Ethnic Polarisation in an Ethnically Homogeneous Town
Czech Sociological Review
The study analyses ethnic relations and ethnic identity based on the example of Bratislava in the 20th century. The obtained ethnological material allows the author to conclude that the change of political system had affected the ethnic structure of the studied town. This was due to the migration of population as well as to elements of social engineering, which accompanied practically any change of the regime, but also due to so-called 'migration on the spot', i.e. a declared adjustment to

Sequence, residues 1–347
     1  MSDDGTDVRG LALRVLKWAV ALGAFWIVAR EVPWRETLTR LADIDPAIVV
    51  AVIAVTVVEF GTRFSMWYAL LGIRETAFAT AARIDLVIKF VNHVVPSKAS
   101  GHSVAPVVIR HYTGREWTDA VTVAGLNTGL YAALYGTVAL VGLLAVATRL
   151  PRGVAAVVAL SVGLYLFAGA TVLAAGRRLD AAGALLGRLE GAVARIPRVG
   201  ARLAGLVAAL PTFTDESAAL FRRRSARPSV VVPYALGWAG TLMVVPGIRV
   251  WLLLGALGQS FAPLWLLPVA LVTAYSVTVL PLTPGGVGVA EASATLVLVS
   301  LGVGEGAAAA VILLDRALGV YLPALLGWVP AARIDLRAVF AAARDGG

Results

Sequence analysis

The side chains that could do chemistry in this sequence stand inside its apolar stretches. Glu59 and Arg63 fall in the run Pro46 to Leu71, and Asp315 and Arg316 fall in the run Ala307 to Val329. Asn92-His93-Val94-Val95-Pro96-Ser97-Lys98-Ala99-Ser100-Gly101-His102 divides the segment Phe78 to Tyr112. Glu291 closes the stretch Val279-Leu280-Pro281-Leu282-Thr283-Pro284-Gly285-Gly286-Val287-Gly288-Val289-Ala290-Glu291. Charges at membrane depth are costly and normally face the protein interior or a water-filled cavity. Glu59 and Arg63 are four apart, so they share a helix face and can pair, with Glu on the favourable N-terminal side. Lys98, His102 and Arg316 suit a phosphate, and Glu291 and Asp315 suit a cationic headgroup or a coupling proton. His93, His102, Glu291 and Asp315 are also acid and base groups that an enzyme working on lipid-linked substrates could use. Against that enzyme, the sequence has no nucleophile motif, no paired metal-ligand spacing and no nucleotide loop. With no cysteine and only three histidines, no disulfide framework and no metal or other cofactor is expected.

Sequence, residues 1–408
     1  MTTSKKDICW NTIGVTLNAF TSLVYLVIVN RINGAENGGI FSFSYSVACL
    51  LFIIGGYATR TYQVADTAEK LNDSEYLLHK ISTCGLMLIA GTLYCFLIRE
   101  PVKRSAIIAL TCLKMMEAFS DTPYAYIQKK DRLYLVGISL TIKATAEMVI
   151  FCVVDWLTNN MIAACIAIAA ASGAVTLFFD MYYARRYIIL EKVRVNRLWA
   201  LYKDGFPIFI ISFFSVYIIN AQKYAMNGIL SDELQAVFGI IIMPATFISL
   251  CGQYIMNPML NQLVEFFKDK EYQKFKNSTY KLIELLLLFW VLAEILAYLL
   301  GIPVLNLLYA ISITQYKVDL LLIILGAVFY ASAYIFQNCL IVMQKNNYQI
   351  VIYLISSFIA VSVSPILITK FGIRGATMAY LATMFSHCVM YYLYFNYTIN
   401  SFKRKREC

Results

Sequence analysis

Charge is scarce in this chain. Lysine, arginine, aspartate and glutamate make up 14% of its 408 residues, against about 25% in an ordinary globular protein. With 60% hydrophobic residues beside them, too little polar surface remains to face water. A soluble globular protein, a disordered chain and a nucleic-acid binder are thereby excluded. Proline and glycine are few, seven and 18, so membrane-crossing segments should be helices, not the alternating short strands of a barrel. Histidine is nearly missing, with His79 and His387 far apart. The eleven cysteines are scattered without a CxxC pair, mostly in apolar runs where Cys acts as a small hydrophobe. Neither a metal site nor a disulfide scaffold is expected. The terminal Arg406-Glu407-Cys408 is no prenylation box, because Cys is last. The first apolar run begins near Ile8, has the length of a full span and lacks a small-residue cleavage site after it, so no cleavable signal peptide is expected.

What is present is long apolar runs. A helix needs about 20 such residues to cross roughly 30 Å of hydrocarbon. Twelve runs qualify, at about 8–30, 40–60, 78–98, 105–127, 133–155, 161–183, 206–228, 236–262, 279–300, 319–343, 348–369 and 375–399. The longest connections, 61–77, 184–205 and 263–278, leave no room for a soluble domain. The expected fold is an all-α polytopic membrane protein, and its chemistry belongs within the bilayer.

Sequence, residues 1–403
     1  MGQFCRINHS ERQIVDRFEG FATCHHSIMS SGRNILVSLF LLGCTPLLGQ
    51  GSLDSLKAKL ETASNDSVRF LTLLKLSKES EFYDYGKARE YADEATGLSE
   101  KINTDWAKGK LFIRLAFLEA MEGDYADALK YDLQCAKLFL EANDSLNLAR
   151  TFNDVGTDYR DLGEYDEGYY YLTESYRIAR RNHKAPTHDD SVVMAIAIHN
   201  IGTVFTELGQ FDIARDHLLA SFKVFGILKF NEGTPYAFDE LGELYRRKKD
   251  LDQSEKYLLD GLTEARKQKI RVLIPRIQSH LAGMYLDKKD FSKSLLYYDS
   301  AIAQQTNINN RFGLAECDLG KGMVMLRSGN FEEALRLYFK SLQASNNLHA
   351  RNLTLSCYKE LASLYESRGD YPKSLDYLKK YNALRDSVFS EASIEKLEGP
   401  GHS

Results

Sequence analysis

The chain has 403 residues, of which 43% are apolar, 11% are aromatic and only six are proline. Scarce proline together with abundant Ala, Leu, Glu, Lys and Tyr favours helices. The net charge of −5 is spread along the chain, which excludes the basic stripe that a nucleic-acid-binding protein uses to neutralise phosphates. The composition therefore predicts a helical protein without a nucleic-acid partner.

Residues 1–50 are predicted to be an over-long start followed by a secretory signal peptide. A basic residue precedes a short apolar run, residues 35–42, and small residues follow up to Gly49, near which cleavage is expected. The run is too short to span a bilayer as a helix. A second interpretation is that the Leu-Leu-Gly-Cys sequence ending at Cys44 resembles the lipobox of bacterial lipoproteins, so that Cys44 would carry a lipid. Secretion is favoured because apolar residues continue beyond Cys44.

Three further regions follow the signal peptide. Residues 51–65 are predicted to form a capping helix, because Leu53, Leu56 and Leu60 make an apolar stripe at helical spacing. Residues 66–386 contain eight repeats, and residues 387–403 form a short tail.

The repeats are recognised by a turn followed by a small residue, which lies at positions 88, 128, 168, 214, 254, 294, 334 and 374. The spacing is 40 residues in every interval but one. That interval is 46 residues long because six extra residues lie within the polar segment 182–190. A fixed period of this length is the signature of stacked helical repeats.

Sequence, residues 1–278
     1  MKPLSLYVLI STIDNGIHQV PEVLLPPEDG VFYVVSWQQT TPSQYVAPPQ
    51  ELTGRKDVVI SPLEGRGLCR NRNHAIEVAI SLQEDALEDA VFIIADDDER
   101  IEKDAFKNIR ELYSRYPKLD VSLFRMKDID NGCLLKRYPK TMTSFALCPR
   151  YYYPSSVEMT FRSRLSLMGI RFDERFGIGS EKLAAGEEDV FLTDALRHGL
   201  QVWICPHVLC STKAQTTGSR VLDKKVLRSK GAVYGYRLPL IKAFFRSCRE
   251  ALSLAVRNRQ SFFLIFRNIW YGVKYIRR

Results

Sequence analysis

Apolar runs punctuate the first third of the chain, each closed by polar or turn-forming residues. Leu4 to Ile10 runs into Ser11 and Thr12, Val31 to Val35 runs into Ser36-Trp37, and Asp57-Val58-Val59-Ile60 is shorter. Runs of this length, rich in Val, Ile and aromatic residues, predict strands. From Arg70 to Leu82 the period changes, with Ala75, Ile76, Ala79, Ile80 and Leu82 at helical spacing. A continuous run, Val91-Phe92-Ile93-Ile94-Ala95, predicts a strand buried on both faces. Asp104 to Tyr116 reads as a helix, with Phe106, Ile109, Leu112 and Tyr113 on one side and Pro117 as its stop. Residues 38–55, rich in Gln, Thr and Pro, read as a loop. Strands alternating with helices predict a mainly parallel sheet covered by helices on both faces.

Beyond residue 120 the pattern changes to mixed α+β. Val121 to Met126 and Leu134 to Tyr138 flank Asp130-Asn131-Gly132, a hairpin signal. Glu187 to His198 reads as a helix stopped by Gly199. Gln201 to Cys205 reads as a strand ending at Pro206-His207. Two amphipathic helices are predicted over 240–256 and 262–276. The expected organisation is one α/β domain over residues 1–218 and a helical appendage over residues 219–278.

... ical winners. In the first half of the past century, Bratislava was a tri-lingual city located at the borders of (Czecho)Slovakia, Hungary and Austria. After WWII, the city changed (at least statistically) into an ethnically homogenous environment, in which the Slovak ethnic group made up more than 90 percent of the whole population. In spite of this, the individual's identity and relations among citizens continued to be influenced by their ethnic affiliation. Its significance was already manifested during the first days of November 1989, but particularly in the following years. The identification with an ethnic group again became a differentiating factor (or even a polarising one) in urban population. It seems that ethnicity is likely to affect the character of the studied town in the nearest future too.